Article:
Newer but not Better: Revision of the DSM-IV to DSM-V Persuasive Essay by scribbler

Newer but not Better: Revision of the DSM-IV to DSM-V
A critique of the task force and content of the revised Diagnostic and Statistical Manual of Mental Disorders (DSM).
# 153131 | 1,605 words | 8 sources | APA | 2013 | US
Published on May 03, 2013 in Psychology (Disorders)

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The paper discusses the fifth revision of the Diagnostic and Statistical Manual of Mental Disorders (DSM) that will be the standard classification of mental disorders. The paper examines the criticisms of the DSM-V task force that include a lack of scientific basis, the lack of clear methodological guidelines to support the proposed changes, the group's inability to notice errors and dangers in the current proposed changes, the lack of clear timelines and the likelihood of time pressure. The paper describes how the DSM-V intends to tackle the major criticisms of older versions in five ways, but relates that it most recklessly suggests many new categories that may inadvertently mass-produce "new false positives." The paper argues that the rates of mental disorders will soar causing overwhelming medicalization, which will demean mental disorder and lead to the purchase of numerous unnecessary medications. The paper also argues against the realm of behavioral addictions and contends that it will improperly medicalize behavioral problems, induce individual irresponsibility and create further problems in disability, insurance and forensic transactions.

Criticisms of the DSM-5 Task Force
Proposed Contents and Criticisms

From the Paper:

"This fifth revision of the Diagnostic and Statistical Manual of Mental Disorders or DSM will be the standard classification of mental disorders (Nauert, 2011). Mental health professionals and other health professionals will use this standard in their diagnoses and researches. The American Psychiatric Association released a draft of proposed changes after a decade of review and revision by the Association. Allen Frances, chairman and editor of DSM IV, and Robert Spitzer, editor of DSM III, expressed objections to the task force conducting the revisions and the proposed revisions. Present chairman is David Kupfer and vice chairman is Darrel Regier (Nauert; Collier, 2010).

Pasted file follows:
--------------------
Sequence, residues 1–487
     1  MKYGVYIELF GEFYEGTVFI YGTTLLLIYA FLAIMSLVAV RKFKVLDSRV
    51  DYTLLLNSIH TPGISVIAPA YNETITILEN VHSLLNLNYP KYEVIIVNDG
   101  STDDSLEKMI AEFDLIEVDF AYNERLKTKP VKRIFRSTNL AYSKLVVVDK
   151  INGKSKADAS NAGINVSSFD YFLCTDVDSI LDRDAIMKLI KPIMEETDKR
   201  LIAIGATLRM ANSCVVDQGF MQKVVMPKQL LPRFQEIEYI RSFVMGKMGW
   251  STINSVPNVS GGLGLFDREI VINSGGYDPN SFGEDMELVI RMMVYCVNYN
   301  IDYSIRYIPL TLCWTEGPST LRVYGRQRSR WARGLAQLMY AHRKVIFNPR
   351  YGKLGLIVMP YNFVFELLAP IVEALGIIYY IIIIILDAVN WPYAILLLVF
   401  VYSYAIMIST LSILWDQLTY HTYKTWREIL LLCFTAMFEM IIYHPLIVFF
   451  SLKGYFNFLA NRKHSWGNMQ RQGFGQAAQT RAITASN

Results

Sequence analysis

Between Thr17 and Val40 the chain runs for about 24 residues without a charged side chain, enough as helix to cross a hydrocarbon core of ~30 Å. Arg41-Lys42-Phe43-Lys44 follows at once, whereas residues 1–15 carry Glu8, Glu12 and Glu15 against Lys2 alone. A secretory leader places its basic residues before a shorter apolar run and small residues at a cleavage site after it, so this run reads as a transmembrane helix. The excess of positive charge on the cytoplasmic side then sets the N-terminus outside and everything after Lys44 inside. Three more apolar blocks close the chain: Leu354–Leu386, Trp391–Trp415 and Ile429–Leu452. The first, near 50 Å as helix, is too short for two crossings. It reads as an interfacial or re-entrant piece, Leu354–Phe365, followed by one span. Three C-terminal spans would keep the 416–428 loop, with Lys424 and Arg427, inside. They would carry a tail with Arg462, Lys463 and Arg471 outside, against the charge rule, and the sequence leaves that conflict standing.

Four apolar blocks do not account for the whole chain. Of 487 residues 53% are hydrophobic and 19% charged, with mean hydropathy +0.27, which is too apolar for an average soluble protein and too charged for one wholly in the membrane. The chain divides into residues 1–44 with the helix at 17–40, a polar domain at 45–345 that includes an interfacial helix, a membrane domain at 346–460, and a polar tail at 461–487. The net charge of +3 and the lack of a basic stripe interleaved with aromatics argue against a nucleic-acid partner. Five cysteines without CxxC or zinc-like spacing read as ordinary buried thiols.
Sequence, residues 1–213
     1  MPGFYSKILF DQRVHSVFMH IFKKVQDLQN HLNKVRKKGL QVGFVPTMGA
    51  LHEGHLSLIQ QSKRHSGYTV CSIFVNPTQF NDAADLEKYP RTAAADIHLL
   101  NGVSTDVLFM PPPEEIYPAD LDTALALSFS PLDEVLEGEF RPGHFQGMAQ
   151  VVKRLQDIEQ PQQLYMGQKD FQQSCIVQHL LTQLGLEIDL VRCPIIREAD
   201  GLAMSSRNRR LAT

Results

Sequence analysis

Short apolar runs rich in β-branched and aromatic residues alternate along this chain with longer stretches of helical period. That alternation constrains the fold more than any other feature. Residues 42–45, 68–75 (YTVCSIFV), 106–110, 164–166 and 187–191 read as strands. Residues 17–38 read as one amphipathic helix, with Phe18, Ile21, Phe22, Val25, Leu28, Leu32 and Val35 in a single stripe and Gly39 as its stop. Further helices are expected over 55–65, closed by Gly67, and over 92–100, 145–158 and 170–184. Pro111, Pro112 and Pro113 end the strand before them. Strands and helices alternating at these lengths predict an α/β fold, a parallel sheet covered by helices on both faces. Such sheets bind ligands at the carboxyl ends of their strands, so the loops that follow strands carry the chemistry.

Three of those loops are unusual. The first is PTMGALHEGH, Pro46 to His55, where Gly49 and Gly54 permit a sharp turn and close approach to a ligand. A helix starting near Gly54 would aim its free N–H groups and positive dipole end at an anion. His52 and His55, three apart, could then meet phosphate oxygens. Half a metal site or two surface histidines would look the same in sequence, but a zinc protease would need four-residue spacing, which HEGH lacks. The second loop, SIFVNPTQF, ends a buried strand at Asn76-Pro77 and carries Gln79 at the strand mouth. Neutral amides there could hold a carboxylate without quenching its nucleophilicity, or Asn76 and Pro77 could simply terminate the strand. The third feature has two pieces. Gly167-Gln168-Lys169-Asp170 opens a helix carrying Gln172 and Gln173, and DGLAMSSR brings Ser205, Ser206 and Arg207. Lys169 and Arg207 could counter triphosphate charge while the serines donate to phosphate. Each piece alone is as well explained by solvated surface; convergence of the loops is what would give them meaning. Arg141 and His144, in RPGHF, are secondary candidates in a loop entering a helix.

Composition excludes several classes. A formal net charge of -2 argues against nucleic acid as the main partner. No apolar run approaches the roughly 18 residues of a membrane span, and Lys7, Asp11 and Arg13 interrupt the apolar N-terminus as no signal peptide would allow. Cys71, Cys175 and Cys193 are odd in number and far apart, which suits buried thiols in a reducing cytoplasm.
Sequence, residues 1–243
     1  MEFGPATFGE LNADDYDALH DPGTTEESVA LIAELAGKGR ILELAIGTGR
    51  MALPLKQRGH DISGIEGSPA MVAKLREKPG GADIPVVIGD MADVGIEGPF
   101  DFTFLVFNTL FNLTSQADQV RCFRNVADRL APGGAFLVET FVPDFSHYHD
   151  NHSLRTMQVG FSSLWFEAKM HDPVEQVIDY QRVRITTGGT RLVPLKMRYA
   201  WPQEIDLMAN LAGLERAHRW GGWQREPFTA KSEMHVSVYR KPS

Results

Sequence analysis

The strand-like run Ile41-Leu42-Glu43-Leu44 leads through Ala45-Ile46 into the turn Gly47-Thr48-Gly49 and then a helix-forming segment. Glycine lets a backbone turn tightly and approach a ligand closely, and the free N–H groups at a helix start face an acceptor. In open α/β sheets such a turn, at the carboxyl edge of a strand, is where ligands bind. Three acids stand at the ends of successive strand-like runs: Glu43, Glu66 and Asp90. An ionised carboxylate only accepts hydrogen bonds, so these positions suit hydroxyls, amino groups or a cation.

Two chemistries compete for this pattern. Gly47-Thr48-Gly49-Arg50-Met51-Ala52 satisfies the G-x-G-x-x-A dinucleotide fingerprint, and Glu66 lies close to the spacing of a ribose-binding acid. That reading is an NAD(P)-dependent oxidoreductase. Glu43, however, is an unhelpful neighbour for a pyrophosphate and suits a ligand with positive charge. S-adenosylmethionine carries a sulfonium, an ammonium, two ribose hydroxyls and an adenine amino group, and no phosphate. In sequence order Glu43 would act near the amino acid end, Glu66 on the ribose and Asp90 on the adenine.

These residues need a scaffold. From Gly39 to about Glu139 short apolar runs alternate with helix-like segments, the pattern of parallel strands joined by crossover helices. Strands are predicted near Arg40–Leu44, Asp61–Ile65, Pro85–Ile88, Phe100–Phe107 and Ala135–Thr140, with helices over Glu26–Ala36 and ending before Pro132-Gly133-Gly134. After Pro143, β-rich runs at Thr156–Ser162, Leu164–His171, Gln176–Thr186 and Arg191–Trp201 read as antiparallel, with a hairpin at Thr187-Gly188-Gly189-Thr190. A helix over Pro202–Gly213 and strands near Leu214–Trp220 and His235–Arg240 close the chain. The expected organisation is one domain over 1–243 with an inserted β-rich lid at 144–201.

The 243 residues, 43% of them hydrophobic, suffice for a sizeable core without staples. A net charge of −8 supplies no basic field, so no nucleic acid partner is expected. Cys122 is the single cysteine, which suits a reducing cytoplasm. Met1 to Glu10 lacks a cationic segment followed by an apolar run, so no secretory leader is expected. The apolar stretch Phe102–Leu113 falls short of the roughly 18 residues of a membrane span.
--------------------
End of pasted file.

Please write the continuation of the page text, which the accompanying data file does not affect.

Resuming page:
"The DSM-5 Scientific Review Work Group is tasked with providing quality evidence to support the proposed revisions (Spitzer & Frances, 2010). The objections or problems relating to its work are continued secrecy, the intended paradigm shift, composition of the group, charge, method, and timing. Dr. Allen Frances' editorials assailed the work group's lack of transparency in the methods, progress, timelines, and products it uses (Collier, 2010). Dr. Robert Spitzer raised the same objection to the lack of transparency, especially when he was refused the minutes of a meeting in 2008. Dr. Spitzer argued that this lack of openness deters the free flow of information between the work group and outside experts necessary for proper revision (Collier). These were in response to the announcement made by that its deliberations and reports would be confidential and only its existence will remain public."

Sample of Sources Used:

  • Associated Press (2010). Big changes proposed in psychiatric diagnoses. Retrieved on January 26, 2011 from
  • Cloud, J. (2010). The DSM: how psychiatrists redefine 'disordered.' Time:Time, Inc. Retrieved on January 26, 2010,8599,1964196,00.html
  • Collier, R. (2010). DSM revision surrounded by controversy. Vol 182 # 1 Journal ofthe Canadian American Association: Canadian Medical Association. Retrieved on January 28, 2011 from
  • Frances, A. (2011). A warning sign on the road to DSM-5: beware of its unintendedconsequences. Psychiatric Times: UBM Medica LLC. Retrieved on January 26, 2011 from
  • Gever, J. (2010). More bumps in road to DSM-V. Med Page Today. Retrieved onJanuary 26, 2011 from

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APA Format

Newer but not Better: Revision of the DSM-IV to DSM-V (2013, May 03) Retrieved October 03, 2022, from

MLA Format

"Newer but not Better: Revision of the DSM-IV to DSM-V" 03 May 2013. Web. 03 October. 2022. <>